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ToryDems nearly swallow Labour blueprint of equality for all

Employers aghast at discrimination by association

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The former Labour government's Equality Act 2010 mainly came into force today, prompting howls of pain from employers' groups.

It's hard to imagine the ToryDems like the whole of the act, but they've decided to lump most of it. Indeed they shelved the original timetable for the act, keeping back key parts they disagree with. Civil servants have put the best possible spin on it, saying it tidies up a raft of disparate legislation, and will "deliver a simple, modern and accessible framework of discrimination law which protects individuals from unfair treatment and promotes a fair and more equal society".

The British Chamber of Commerce probably speaks for large parts of the business community when it raises "concerns about the amount of employment red tape to be implemented between 2010 and 2014" arguing that the government should be rolling back red tape to allow more jobs to be created. It claims the act will impose a one-off cost of £189.2m on business, with further legislation liked to cost firms £11.3bn between now and 2014.

New provisions include "associated" discrimination, so for example, people associated with or perceived to be associated with a protected characteristic, eg carers for a disabled relative, can claim protection under the act.

The "definition of gender reassignment" is changed, by removing the medical provision requirement.

Breastfeeding mothers get protection. Employers can be held responsible for third party harassment, eg of frontline staff by customers, and this is extended to all "protected characteristics".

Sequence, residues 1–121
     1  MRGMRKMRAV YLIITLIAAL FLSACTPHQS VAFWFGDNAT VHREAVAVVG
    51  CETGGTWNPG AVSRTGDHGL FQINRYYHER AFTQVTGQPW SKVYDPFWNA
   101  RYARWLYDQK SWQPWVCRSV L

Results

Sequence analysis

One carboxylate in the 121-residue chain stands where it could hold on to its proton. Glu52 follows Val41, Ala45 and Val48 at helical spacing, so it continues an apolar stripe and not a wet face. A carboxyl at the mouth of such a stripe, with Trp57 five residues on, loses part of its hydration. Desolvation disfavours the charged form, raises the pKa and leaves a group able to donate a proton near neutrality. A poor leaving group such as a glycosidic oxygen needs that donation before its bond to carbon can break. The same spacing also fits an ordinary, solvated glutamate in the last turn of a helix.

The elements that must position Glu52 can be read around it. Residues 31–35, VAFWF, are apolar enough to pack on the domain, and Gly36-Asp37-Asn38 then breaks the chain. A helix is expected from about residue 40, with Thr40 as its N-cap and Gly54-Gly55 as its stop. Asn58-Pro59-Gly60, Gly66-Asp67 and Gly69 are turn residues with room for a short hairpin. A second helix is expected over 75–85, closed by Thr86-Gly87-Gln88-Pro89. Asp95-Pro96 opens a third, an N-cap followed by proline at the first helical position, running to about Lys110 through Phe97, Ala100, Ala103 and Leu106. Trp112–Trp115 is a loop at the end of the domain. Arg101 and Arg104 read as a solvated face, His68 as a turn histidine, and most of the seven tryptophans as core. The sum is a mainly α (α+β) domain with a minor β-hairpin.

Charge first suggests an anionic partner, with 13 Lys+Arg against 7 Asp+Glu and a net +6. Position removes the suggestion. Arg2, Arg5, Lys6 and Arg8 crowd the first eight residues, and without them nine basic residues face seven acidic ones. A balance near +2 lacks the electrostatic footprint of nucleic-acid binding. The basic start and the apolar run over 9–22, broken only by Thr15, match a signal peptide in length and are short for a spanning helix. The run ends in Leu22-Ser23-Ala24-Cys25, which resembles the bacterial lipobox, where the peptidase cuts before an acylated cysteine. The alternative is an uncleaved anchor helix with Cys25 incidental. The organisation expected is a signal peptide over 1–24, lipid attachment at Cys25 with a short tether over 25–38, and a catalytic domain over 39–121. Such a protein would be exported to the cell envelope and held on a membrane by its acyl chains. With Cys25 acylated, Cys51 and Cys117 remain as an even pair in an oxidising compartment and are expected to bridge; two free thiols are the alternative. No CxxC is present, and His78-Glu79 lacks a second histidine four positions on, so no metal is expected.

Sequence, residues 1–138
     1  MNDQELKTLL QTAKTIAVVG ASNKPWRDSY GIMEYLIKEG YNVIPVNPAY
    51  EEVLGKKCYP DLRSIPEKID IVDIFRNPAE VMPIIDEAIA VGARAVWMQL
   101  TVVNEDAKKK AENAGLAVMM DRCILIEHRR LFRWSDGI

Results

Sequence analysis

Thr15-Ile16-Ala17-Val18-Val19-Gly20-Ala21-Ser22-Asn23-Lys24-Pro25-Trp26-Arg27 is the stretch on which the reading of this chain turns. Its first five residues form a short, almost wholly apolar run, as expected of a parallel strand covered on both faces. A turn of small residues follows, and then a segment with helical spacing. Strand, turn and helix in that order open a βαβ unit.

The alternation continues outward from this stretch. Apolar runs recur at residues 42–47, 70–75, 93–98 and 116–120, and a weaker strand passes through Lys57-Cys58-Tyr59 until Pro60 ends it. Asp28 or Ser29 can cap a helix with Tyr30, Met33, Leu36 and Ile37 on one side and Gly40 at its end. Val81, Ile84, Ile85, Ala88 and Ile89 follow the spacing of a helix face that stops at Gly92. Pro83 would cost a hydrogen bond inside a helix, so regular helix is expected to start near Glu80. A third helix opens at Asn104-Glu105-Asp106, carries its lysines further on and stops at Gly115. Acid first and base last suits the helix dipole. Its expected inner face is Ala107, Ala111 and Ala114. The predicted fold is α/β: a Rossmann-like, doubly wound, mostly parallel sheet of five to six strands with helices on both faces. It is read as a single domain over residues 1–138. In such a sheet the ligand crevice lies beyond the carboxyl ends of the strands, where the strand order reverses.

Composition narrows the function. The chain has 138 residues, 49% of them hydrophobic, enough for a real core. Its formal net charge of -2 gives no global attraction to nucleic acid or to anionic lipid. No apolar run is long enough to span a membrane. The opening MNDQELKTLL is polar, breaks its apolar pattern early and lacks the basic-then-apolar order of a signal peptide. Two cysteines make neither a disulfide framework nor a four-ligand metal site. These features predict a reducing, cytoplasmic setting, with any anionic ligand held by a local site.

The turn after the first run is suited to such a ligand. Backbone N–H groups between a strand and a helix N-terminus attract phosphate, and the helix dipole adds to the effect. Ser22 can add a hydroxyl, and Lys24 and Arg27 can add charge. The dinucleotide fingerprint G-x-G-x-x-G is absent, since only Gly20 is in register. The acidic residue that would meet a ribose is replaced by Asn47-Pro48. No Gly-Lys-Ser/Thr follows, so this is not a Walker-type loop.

"Secrecy clauses" are banned, to ensure discriminatory payscales cannot be hidden.

Employment tribunals will be able to make recommendations that affect the whole workforce of an organisation, not just the complainant.

The act also extends "protection in private clubs to sex, religion or belief, pregnancy and maternity, and gender reassignment," and allows "claims for direct gender pay discrimination where there is no actual comparator".

The government is still "considering" a range of other provisions, including "dual discrimination", diversity reporting by political parties, and positive action in recruitment and promotion.

David Frost, Director General of the British Chambers of Commerce said: “If private sector businesses are to offset job losses in the public sector, the significant costs of employing people must be reduced. As austerity measures start to bite, companies need the flexibility and freedom to boost employment and drive our economic recovery." ®

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